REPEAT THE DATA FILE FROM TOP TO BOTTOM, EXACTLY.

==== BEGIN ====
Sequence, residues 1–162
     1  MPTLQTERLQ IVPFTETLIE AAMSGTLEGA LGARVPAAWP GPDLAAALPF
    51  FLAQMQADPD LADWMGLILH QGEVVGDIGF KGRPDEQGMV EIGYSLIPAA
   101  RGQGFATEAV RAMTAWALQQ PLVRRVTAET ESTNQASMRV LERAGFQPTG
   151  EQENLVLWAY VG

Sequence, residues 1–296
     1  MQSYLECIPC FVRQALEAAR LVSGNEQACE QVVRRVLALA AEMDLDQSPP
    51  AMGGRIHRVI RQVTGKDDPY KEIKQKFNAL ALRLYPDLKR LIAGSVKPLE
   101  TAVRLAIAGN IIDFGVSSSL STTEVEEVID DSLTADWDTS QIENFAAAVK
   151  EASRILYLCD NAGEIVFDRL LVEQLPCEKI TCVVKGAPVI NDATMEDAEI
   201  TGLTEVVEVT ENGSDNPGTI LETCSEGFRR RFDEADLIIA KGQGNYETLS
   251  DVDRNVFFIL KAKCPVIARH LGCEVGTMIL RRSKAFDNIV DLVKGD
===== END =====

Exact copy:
Sequence, residues 1–162
     1  MPTLQTERLQ IVPFTETLIE AAMSGTLEGA LGARVPAAWP GPDLAAALPF
    51  FLAQMQADPD LADWMGLILH QGEVVGDIGF KGRPDEQGMV EIGYSLIPAA
   101  RGQGFATEAV RAMTAWALQQ PLVRRVTAET ESTNQASMRV LERAGFQPTG
   151  EQENLVLWAY VG

Sequence, residues 1–296
     1  MQSYLECIPC FVRQALEAAR LVSGNEQACE QVVRRVLALA AEMDLDQSPP
    51  AMGGRIHRVI RQVTGKDDPY KEIKQKFNAL ALRLYPDLKR LIAGSVKPLE
   101  TAVRLAIAGN IIDFGVSSSL STTEVEEVID DSLTADWDTS QIENFAAAVK
   151  EASRILYLCD NAGEIVFDRL LVEQLPCEKI TCVVKGAPVI NDATMEDAEI
   201  TGLTEVVEVT ENGSDNPGTI LETCSEGFRR RFDEADLIIA KGQGNYETLS
   251  DVDRNVFFIL KAKCPVIARH LGCEVGTMIL RRSKAFDNIV DLVKGD